Both Glovers had come from Missouri on the Oregon Trail as children. James Glover was 12 and the trip took six months and one day; Susan's family came earlier, when she was 3, and they traveled part of the way with the ill-fated Donner-Reed Party on a grueling nine-month journey.
Glover had worked an assortment of enterprises as a young man — a fruit stand in California, mining in North Idaho, a ferry business in Salem — and said he was drawn to the Spokane area because "Oregon was becoming pretty well filled up by that time."
The land wasn't poised for immediate success. Marcia Downing, one of the few settlers living there when Glover arrived, remembered the stony, unyielding ground many years later: "You couldn't put the end of your little finger down without bruising it."
Glover and his business partners improved the sawmill, but there was no demand for lumber. They opened the first store, but their only customers were the Spokane and Coeur d'Alene Indians who came to trade. Only four families lived in Spokane Falls when it hosted a centennial Fourth of July celebration in 1876 that drew visitors from miles around.
One of Glover's favorite stories to tell about the early days was from the summer of 1877, when fighting between settlers and the Nez Perce put the whole region on edge. Spokane Falls had barely grown in the four years since the Glovers arrived, and news of nearby violence made them aware just how quickly their small settlement could cease to exist.
One day a Nez Perce group set up on the edge of town and drummed through the night for two weeks. Glover watched them from the front of his store as the days passed and became more tense, and finally he called a meeting with some of the older Spokane Indian leaders. It had been less than 20 years since Col. George Wright had come through and slaughtered hundreds of the local tribes' horses, and this was still a painful memory. He asked the men at the meeting if they recalled this, and told them to make the Nez Perce men leave by noon: "I am in close touch with the soldiers — the boys with the brass buttons — and if they aren't gone by noon, I will tell the soldiers to come."
The next day, entirely by chance, an infantry regiment marched into town.
Glover, pleased on multiple counts, lobbied for the soldiers to stay. The military decided to build Fort Coeur d'Alene, later called Fort Sherman, and the added protection drew more settlers to the area.
Around the same time, work resumed on the Northern Pacific Railway, which had been slowed by financial troubles but was routed to come through near Spokane Falls. The city soon had its first school, first hotel and first newspaper, the Spokan Times. (The spelling of Spokane was debated, and publisher Francis H. Cook felt strongly that the "e" would lead people to mispronounce the city's name.) The first train pulled into town from the west in 1881, and word got out soon that gold and silver had been found in the mountains of North Idaho. After a slow beginning, Spokane Falls became a boom town.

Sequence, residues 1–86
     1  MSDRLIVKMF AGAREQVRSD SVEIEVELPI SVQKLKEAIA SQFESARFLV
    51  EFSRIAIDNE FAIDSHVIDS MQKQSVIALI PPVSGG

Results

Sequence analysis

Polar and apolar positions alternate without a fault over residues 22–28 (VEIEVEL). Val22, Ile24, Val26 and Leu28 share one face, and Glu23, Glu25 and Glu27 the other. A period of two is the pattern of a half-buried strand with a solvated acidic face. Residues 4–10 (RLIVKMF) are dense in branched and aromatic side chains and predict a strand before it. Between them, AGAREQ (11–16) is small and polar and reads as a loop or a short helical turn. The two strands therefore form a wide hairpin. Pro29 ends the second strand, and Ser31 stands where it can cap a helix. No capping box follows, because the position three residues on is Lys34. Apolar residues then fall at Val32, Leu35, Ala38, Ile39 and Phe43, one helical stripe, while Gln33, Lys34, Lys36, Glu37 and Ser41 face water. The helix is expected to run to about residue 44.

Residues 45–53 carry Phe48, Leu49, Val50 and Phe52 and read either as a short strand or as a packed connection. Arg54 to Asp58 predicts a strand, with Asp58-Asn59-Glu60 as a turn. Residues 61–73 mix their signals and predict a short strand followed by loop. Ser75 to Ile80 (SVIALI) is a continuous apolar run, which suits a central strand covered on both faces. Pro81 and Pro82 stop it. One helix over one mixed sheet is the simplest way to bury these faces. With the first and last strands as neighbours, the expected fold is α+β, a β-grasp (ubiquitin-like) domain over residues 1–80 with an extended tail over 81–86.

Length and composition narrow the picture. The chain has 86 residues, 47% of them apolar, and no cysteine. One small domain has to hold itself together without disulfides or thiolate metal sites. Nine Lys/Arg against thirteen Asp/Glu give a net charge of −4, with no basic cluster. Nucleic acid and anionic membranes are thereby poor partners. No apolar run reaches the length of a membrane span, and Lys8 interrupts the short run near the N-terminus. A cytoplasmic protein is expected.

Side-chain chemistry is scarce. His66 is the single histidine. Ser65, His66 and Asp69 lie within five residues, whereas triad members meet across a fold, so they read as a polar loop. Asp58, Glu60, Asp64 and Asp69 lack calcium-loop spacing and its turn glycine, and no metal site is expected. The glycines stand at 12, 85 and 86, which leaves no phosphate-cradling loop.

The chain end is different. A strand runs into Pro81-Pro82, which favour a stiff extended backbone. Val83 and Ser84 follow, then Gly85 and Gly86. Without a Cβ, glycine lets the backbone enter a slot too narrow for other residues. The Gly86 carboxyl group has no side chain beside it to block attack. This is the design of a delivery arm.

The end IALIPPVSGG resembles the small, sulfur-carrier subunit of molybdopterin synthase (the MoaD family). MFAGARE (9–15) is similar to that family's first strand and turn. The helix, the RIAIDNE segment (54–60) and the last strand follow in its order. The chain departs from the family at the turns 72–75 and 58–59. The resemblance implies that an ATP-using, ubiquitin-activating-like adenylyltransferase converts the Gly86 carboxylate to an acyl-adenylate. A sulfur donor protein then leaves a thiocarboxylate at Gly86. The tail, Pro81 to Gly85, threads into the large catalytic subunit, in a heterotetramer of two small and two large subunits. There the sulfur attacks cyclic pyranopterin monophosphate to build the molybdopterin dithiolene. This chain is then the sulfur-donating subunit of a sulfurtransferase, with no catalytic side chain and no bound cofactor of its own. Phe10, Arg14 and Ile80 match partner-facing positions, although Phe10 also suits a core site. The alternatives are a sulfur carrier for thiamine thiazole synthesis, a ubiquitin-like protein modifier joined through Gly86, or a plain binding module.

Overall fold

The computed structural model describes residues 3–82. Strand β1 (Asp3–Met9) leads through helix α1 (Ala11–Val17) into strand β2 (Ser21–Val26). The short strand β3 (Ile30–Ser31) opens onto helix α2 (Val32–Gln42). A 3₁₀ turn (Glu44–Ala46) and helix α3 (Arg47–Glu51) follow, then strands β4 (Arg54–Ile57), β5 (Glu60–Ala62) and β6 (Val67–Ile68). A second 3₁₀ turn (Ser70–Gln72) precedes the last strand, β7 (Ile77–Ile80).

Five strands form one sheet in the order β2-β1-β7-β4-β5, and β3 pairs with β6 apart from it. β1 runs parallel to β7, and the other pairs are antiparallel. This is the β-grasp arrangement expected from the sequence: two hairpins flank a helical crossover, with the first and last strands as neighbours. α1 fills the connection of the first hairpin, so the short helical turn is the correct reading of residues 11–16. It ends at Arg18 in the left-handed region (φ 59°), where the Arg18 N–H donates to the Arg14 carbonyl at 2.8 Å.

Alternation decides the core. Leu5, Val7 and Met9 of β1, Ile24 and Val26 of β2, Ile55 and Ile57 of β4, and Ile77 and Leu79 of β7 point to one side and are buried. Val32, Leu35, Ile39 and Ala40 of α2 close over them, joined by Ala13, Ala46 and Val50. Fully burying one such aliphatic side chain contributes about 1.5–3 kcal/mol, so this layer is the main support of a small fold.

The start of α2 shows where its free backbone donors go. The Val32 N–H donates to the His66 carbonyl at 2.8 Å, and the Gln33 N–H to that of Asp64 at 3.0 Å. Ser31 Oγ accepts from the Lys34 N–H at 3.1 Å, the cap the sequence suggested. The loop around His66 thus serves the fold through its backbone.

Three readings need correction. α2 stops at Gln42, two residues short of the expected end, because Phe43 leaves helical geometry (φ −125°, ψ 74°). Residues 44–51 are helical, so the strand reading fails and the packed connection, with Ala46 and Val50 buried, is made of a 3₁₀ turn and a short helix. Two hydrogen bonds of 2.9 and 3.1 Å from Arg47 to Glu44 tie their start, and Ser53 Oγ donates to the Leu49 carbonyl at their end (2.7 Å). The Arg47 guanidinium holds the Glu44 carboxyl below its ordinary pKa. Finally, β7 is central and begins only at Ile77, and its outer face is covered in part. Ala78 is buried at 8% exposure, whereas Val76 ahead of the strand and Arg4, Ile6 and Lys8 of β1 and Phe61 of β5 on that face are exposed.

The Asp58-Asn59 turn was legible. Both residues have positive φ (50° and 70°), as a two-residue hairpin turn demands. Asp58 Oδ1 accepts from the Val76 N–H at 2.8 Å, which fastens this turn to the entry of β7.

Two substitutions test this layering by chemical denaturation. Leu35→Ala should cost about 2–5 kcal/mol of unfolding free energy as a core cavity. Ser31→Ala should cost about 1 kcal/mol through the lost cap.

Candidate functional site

For two years during this time, a 14-year-old niece, Lovenia, came from Salem to keep her aunt company while Glover was frequently away on business. The Glovers doted on Lovenia, and the letters she wrote back home are the only record of life in their household. She once saw her uncle turn down the covers and spank her aunt for failing to get out of bed in the morning, and she noted that her uncle did all the hiring of household help, which was unusual at a time when that was typically the wife's dominion.
But contrary to what was said later, Lovenia's letters prove the Glovers did share joyful times — the family exchanging gifts at Christmas, Susan playing organ for a choir practice, the Glovers dancing at a Masonic Lodge dedication in 1884. "You should have seen Uncle and Aunty get around," she wrote. "They were as light on their feet as any of the young folk."
Shortly before the Great Fire in August 1889, the Glovers moved into their grand mansion on Eighth Avenue, the first designed by Kirtland Cutter. Their time in the home was brief and troubled. In August of 1891, two years after they moved in, Glover had his attorney draw up "Articles of Separation," a less formal alternative to divorce. The four-page document declared that they would live apart, that all property belonged solely to James Glover, and that he would provide his wife with a carriage, a house in Oregon and $100 a month for the rest of her life. Susan departed for Salem almost immediately.
The following January, Glover filed for divorce. His complaint called the marriage "unfortunate in every respect" and accused his wife of being "wholly impotent, barren and incapable of reproduction." It continues: "This incongeniality which existed between the parties was so extreme that it rendered cohabitation and social intercourse between them repulsive, beyond endurance on the part of either, and in fact impossible."